Can you each work out the number on your card? What do you notice? How could you sort the cards?

Investigate the smallest number of moves it takes to turn these mats upside-down if you can only turn exactly three at a time.

Our 2008 Advent Calendar has a 'Making Maths' activity for every day in the run-up to Christmas.

A game in which players take it in turns to choose a number. Can you block your opponent?

This was a problem for our birthday website. Can you use four of these pieces to form a square? How about making a square with all five pieces?

NRICH December 2006 advent calendar - a new tangram for each day in the run-up to Christmas.

An activity making various patterns with 2 x 1 rectangular tiles.

Here is a version of the game 'Happy Families' for you to make and play.

Make your own double-sided magic square. But can you complete both sides once you've made the pieces?

How can you put five cereal packets together to make different shapes if you must put them face-to-face?

Arrange 9 red cubes, 9 blue cubes and 9 yellow cubes into a large 3 by 3 cube. No row or column of cubes must contain two cubes of the same colour.

Can you make the birds from the egg tangram?

In how many ways can you fit two of these yellow triangles together? Can you predict the number of ways two blue triangles can be fitted together?

Starting with four different triangles, imagine you have an unlimited number of each type. How many different tetrahedra can you make? Convince us you have found them all.

Take 5 cubes of one colour and 2 of another colour. How many different ways can you join them if the 5 must touch the table and the 2 must not touch the table?

Let's say you can only use two different lengths - 2 units and 4 units. Using just these 2 lengths as the edges how many different cuboids can you make?

Using different numbers of sticks, how many different triangles are you able to make? Can you make any rules about the numbers of sticks that make the most triangles?

Move your counters through this snake of cards and see how far you can go. Are you surprised by where you end up?

How many models can you find which obey these rules?

Can you predict when you'll be clapping and when you'll be clicking if you start this rhythm? How about when a friend begins a new rhythm at the same time?

These practical challenges are all about making a 'tray' and covering it with paper.

The ancient Egyptians were said to make right-angled triangles using a rope with twelve equal sections divided by knots. What other triangles could you make if you had a rope like this?

Take a rectangle of paper and fold it in half, and half again, to make four smaller rectangles. How many different ways can you fold it up?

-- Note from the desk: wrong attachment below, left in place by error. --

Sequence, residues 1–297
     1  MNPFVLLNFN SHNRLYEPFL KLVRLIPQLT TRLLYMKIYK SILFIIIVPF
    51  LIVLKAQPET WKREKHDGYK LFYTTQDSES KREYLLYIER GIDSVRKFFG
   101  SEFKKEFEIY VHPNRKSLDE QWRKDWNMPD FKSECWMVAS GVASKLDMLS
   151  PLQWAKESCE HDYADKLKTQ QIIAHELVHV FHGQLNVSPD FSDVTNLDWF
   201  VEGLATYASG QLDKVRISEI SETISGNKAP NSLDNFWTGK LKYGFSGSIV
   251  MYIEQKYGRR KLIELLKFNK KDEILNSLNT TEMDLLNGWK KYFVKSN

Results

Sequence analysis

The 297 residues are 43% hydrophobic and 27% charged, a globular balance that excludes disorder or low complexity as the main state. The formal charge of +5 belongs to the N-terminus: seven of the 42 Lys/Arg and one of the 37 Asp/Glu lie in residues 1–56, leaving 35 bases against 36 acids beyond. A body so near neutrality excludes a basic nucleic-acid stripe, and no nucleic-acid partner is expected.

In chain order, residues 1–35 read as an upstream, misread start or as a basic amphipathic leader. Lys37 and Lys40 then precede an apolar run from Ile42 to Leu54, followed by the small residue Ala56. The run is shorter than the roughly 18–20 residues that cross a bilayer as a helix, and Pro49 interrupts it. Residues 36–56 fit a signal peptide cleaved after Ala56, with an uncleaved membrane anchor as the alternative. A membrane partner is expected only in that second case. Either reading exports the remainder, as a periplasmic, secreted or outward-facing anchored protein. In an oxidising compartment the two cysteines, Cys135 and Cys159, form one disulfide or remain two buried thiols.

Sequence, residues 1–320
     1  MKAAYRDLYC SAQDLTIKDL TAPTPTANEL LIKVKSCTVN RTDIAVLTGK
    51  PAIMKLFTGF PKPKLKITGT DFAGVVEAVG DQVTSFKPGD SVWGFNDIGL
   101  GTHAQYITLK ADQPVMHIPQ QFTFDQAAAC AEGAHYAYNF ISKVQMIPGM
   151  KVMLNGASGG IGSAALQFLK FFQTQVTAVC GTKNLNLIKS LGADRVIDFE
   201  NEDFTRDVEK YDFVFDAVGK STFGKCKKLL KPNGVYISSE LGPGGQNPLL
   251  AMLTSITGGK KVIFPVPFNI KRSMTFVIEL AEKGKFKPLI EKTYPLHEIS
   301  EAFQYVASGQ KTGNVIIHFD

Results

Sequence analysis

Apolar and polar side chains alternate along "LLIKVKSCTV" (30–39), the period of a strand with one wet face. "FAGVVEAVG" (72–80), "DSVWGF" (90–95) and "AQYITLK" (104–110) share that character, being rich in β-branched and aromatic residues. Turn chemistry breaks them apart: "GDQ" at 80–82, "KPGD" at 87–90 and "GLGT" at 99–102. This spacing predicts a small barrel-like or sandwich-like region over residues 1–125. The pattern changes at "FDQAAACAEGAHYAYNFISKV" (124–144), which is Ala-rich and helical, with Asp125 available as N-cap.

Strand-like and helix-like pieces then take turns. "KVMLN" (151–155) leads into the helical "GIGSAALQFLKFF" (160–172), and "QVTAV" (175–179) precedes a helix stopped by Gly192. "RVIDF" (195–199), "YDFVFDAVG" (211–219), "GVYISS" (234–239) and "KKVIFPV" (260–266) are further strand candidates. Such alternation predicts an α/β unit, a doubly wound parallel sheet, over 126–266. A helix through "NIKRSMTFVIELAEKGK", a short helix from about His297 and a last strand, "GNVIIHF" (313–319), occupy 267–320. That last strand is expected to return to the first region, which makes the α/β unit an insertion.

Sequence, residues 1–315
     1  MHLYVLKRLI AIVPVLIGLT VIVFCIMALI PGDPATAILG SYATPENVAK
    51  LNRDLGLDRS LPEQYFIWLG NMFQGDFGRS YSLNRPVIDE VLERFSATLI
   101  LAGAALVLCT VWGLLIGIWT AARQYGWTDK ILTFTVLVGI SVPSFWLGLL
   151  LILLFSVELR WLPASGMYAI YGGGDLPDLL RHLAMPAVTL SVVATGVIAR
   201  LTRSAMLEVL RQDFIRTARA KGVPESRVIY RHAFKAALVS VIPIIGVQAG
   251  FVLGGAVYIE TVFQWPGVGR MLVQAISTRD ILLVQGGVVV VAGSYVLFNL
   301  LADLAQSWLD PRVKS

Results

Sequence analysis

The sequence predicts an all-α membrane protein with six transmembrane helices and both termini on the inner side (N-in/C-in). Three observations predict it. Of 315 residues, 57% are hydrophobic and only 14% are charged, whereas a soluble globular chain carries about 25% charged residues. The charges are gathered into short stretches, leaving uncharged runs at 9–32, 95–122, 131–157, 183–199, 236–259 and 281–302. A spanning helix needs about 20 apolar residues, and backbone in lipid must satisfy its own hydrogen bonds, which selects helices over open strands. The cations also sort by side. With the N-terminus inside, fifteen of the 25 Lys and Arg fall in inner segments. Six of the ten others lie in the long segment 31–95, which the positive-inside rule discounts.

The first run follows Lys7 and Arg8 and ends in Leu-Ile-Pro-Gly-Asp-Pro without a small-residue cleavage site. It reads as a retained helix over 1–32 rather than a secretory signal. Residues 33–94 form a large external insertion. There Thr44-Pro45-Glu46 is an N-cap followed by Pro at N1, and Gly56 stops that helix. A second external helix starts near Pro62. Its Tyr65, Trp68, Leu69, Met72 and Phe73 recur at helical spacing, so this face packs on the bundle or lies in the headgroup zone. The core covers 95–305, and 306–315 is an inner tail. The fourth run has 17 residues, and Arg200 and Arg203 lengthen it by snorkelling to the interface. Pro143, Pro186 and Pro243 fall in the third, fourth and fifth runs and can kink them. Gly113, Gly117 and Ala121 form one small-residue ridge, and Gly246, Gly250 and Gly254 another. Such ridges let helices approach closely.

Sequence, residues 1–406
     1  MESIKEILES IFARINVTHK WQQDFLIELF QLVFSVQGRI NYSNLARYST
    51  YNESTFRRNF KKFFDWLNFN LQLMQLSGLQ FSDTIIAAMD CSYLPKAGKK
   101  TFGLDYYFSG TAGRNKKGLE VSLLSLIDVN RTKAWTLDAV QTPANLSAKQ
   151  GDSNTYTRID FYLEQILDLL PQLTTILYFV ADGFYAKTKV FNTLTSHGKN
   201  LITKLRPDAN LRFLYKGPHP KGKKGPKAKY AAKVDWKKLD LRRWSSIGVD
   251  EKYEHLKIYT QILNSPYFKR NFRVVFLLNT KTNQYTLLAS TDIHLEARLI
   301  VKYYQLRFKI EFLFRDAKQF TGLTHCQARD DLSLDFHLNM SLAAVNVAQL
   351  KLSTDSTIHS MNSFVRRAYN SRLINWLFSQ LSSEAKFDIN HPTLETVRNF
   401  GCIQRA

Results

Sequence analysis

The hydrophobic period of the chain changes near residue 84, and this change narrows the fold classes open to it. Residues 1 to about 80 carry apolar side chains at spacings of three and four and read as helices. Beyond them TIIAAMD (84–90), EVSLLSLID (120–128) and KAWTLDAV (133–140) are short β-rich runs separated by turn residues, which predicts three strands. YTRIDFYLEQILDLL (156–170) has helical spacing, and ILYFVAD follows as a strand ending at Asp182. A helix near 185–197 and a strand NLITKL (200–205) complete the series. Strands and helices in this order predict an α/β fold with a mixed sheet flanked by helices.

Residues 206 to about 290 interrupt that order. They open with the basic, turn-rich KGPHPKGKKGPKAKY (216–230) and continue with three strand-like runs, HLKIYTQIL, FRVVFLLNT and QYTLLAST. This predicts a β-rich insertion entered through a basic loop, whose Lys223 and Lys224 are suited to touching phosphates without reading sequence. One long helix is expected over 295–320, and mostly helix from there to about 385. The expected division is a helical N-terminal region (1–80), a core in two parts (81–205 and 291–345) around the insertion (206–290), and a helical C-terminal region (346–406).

Can you fit the tangram pieces into the outline of this shape. How would you describe it?

Can you fit the tangram pieces into the outline of this plaque design?

Can you fit the tangram pieces into the outlines of Mai Ling and Chi Wing?

Can you fit the tangram pieces into the outlines of the chairs?

Can you fit the tangram pieces into the outlines of the lobster, yacht and cyclist?

Can you fit the tangram pieces into the outlines of these clocks?

Can you fit the tangram pieces into the outline of the child walking home from school?

A group of children are discussing the height of a tall tree. How would you go about finding out its height?

Can you fit the tangram pieces into the outlines of the candle and sundial?

Can you fit the tangram pieces into the outline of these rabbits?

Can you fit the tangram pieces into the outline of the telescope and microscope?

Can you fit the tangram pieces into the outline of this goat and giraffe?

Can you fit the tangram pieces into the outline of Little Ming and Little Fung dancing?

Can you fit the tangram pieces into the outlines of these people?

How many different cuboids can you make when you use four CDs or DVDs? How about using five, then six?

Can you fit the tangram pieces into the outlines of the workmen?

Paint a stripe on a cardboard roll. Can you predict what will happen when it is rolled across a sheet of paper?

Can you fit the tangram pieces into the outline of Little Ming playing the board game?

What is the largest number of circles we can fit into the frame without them overlapping? How do you know? What will happen if you try the other shapes?

Can you make the most extraordinary, the most amazing, the most unusual patterns/designs from these triangles which are made in a special way?

What is the greatest number of counters you can place on the grid below without four of them lying at the corners of a square?

These are pictures of the sea defences at New Brighton. Can you work out what a basic shape might be in both images of the sea wall and work out a way they might fit together?

In this challenge, you will work in a group to investigate circular fences enclosing trees that are planted in square or triangular arrangements.

Are all the possible combinations of two shapes included in this set of 27 cards? How do you know?

Use the tangram pieces to make our pictures, or to design some of your own!

Here's a simple way to make a Tangram without any measuring or ruling lines.